When we say one thing but do another, or hold inconsistent beliefs, psychologists call it cognitive dissonance [...] just as hunger motivates us to find food to reduce our hunger, cognitive dissonance motivates us to find situations to reduce the dissonance. For meat-eating, there are two ways to do this: we can change our behaviour or change the belief. We can stop eating meat, or come up with reasons why eating meat is morally OK.

In addition to our own attempts to justify meat-eating, advertising and marketing can make it easier for us to do so. [...] one way to make meat-eating seem acceptable is to dissociate it from the animal it came from [...] we do this by “transforming animals, which are loved, into meats, which are eaten, so that the concepts of ‘animals’ and ‘meats’ seem distinct and unrelated”. We call it “veal” instead of baby cow, “ham” instead of pig, “game” instead of hunted wild animal. We pack our dead animals in pretty packages – physically, verbally and conceptually distancing ourselves from the real origin of our food.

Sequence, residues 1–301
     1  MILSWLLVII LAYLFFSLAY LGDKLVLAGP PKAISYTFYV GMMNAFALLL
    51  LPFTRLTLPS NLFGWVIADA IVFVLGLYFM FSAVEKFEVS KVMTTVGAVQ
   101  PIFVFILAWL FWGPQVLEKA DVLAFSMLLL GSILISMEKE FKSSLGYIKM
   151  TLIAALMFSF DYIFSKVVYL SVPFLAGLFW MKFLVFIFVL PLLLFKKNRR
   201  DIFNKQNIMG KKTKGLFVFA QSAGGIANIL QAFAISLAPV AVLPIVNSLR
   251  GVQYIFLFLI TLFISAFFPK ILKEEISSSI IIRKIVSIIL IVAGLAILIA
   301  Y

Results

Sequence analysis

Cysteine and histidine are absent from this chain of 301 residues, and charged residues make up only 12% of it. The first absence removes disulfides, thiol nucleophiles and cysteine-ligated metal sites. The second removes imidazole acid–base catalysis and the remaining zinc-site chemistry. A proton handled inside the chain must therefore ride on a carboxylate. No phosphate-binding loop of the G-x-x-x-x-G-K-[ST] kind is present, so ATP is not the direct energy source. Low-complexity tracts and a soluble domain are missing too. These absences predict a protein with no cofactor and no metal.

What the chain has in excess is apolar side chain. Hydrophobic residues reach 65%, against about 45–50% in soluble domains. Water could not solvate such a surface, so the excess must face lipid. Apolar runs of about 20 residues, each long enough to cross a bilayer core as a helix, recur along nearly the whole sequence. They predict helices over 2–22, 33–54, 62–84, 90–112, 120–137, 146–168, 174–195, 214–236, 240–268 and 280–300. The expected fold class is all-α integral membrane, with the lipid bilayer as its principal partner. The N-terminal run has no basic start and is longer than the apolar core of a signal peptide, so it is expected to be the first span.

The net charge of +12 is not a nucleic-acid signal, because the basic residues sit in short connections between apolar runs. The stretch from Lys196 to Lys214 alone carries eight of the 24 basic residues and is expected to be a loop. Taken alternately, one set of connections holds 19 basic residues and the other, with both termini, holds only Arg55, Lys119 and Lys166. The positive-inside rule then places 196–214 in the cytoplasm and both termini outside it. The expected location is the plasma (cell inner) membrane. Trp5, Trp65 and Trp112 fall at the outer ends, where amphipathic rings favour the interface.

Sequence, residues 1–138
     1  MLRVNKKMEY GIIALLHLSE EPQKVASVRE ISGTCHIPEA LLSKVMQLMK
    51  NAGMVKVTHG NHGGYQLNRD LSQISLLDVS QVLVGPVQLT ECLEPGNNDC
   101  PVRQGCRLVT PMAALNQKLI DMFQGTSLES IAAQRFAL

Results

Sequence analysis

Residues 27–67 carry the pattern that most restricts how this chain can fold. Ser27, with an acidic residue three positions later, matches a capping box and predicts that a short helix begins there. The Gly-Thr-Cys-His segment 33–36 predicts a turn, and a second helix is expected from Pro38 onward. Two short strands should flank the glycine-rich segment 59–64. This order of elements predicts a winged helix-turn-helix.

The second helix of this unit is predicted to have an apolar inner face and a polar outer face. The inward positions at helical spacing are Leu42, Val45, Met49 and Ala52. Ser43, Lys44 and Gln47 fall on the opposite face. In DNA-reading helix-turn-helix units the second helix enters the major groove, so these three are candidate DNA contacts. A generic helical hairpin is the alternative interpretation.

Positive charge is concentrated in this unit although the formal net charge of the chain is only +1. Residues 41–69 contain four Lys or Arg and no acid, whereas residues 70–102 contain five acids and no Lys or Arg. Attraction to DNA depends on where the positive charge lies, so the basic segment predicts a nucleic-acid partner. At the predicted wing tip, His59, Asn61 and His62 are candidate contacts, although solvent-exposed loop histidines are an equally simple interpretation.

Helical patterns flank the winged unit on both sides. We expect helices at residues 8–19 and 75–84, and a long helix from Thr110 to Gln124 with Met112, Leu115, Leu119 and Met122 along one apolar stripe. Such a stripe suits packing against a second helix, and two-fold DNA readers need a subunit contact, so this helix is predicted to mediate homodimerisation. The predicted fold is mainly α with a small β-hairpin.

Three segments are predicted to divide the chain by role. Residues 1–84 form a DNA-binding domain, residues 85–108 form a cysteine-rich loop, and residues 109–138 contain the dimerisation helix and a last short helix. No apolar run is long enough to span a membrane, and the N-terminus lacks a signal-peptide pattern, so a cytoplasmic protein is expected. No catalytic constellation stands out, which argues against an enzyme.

[...] This isn’t just relevant for meat-eating. When we turn animals or humans into objects, and thereby avoid the discomfort caused by knowing about the suffering behind consumer goods, we make it easier to be cruel. The same processes we see with meat, we see with all kinds of other morally unacceptable but common human behaviours that have to do with money.

We know that poverty causes great suffering, yet instead of sharing our wealth we buy another pair of expensive shoes. We fundamentally disagree with the idea of child labour or adults working under horrible conditions, but keep shopping at discount stores. We stay in the dark, to protect our delicate identities, to maintain the illusion that we are consistent and ethically sensible human beings.